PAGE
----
January 30, 2017 | Carlos Ochoa

Non-random sampling: availability sampling

This post marks the second part of our series on sampling methods. This second installment will describe non-random sampling methods.

Remember: we talk about nonrandom sampling when we don’t have access to a full list of the individuals who form the population (a sampling frame) and thus don’t know the probability that a given individual will be selected for the sample.

The main consequence of this lack of information is that we can’t generalize the results with statistical precision.


Availability sampling is used quite frequently. It involves selecting a sample from the population because it is accessible. That is to say, individuals are selected for the research not because they meet some statistical criterion, but because they are readily available. This convenience usually translates to easy operation and low sampling costs. The trade-off, of course, is that it is impossible to use the results to make general assertions about the population with any sort of statistical rigor.

Suppose that we want to know Chilean college students’ thoughts on politics. To get a random sample, we would need a list of all the students in all of the universities in Chile so that we could randomly select a group of individuals and interview them. To get an availability sample, on the other hand, we might meander over to the three universities closest to where we live and survey however many individuals agree to participate when we catch them between classes.




The limitations of this sampling method are obvious. In our example, different universities might correlate with different social groups and political opinions. What’s more, if I choose students from three specific universities and survey them in the morning, their opinions might differ from their afternoon counterparts (who might be working part-time jobs in the morning and taking classes in the afternoon).

Does that mean that the results from an availability sampling are totally irrelevant, and that they don’t tell us anything about a population? No exactly. If we have good reason to believe that selecting for convenience won’t skew our results, we might get a good image of the population studied. The problem is that we have no way of knowing exactly how good that image is: since we can’t use statistical tools such as margins of error and confidence intervals to measure our results with any sort of precision. Those attempting to draw conclusions from the study will have no choice but to trust in the selection criteria established by the researcher.


But we shouldn’t write availability sampling off as a useless method. In fact, it is used successfully in many settings, such as clinical studies with volunteers. In these studies, individuals with certain physical characteristics volunteer to participate in some sort of research or treatment. Clinical investigators who use the method assume that any individual who possesses a particular characteristic (a person with diabetes, for example) will be representative of the population. In other words, variables such as whether or not an individual sees the call for volunteers, whether or not they choose to participate and where they are from do not affect the results of the study.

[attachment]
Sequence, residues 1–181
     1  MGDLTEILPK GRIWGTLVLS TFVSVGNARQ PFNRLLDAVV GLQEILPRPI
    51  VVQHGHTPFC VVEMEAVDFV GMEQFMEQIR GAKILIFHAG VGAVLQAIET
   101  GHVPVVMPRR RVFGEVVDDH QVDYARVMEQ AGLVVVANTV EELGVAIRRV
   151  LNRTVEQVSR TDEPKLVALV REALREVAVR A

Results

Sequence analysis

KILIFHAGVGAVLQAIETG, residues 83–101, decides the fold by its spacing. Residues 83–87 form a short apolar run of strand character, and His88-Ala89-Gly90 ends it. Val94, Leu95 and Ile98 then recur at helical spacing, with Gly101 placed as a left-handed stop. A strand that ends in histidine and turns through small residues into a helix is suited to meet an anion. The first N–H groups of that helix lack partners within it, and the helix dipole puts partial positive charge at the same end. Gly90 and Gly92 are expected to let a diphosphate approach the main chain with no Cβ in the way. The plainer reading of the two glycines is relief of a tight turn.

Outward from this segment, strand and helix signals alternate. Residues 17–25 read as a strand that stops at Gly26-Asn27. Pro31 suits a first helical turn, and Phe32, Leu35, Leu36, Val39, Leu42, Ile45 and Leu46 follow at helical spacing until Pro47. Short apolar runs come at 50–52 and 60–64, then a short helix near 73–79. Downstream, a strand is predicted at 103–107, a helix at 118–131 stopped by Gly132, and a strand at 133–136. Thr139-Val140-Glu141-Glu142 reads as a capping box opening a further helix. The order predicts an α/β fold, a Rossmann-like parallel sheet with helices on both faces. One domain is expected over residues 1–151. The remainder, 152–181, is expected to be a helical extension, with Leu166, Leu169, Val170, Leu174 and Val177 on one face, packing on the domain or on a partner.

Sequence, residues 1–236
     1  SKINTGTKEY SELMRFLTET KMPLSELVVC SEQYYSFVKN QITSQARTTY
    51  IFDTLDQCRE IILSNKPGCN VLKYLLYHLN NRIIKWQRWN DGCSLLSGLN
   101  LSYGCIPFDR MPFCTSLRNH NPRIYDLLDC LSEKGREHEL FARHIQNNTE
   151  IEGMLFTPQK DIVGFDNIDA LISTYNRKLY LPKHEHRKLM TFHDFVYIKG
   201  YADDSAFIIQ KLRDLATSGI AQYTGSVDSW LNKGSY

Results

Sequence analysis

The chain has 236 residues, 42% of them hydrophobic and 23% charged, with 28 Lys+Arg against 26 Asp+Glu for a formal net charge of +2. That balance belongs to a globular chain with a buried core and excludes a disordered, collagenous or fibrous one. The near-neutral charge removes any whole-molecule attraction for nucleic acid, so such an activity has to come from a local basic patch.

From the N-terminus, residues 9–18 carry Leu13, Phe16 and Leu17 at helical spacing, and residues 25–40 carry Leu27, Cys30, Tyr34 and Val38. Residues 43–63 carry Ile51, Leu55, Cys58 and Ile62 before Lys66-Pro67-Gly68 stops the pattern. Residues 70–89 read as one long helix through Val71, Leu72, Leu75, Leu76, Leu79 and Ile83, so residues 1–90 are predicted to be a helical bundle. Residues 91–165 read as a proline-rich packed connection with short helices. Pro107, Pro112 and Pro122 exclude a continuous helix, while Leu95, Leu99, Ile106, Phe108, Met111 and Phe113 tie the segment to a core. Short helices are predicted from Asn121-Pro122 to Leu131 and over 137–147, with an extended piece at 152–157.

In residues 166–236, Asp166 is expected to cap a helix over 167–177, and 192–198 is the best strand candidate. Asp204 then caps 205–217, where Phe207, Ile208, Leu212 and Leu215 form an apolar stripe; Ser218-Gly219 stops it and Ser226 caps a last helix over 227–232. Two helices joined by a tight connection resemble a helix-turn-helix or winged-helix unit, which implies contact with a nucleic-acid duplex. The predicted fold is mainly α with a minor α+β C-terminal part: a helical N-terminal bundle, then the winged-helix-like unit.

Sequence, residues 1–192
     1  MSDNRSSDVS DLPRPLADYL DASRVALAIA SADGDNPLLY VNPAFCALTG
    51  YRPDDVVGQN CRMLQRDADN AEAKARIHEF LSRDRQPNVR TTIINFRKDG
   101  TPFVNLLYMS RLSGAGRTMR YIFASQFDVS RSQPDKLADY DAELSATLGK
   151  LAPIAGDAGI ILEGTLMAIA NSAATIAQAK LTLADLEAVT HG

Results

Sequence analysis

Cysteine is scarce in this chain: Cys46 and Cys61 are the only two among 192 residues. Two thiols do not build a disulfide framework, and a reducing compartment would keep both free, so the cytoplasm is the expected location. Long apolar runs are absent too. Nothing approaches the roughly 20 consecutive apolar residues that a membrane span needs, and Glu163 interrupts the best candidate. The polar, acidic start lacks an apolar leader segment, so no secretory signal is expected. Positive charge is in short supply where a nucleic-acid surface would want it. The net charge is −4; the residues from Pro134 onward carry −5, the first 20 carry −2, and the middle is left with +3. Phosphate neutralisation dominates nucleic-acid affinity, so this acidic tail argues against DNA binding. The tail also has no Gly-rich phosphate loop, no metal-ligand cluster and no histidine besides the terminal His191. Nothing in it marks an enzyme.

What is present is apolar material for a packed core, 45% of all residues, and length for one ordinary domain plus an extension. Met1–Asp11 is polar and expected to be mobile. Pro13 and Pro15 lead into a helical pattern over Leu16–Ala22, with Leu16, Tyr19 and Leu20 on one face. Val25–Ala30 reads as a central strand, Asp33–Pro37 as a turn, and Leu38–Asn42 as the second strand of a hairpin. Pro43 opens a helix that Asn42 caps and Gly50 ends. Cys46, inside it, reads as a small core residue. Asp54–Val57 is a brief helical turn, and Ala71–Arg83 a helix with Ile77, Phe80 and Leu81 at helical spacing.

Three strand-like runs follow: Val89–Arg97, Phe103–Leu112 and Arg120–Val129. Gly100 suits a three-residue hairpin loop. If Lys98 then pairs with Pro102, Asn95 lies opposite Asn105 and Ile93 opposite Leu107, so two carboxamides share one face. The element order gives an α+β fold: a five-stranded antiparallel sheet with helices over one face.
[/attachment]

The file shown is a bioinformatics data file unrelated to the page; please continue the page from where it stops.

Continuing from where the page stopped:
Unlike the study on Chilean students, clinical studies are able to use availability sampling and have no reason to expect that this will lead to biased results. The key is evaluating whether the convenience of a selection will truly introduce bias.


Pilot studies are another context in which this sort of sampling is employed. At the beginning of a project, an availability sample can offer information on the trends and results that we can expect from a random sample. We can use this information to modify our approach to the study before starting with a more expensive sampling process.


Given its characteristics, the pros and cons of this sort of sampling are clear.

The main thing it’s got going for it is its convenience. It is simple, cheap and fast. It can offer us valuable information in a lot of circumstances, especially when there are no fundamental reasons to think the individuals at hand would be any different from the individuals who make up the population as a whole.

Its greatest faults are the lack of representation, the impossibility of making statistical claims about the results and the risk of running into bias due to the sampling criteria used. At worst, our sample might be compromised by systematic bias with respect to the total population, leading to distorted results.


This is something we talked about in an earlier post. Using availability sampling and expressing the results of the study alongside a margin of error and a confidence level is incorrect. That said, people do it.

If we choose to calculate such a margin of error, we should be sure to indicate that it does not apply to the sample used, but to a simple random sample of that size. In any case, whenever we use an availability sample, the results ought to be accompanied by a description of how we obtained our sample so that readers can evaluate the credibility of the results.


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TABLE OF CONTENTS: Series on sampling

  1. Sampling: What it is and why it works
  2. Random and non-random sampling
  3. Random sampling: Simple random sampling
  4. Random sampling: Stratified sampling
  5. Random sampling: Systematic sampling
  6. Random sampling: Cluster sampling
  7. Non-random sampling: Availability sampling
  8. Non-random sampling: Quota sampling
  9. Non-random sampling: Snowball sampling
Carlos Ochoa

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Carlos Ochoa | Chief Client Officer


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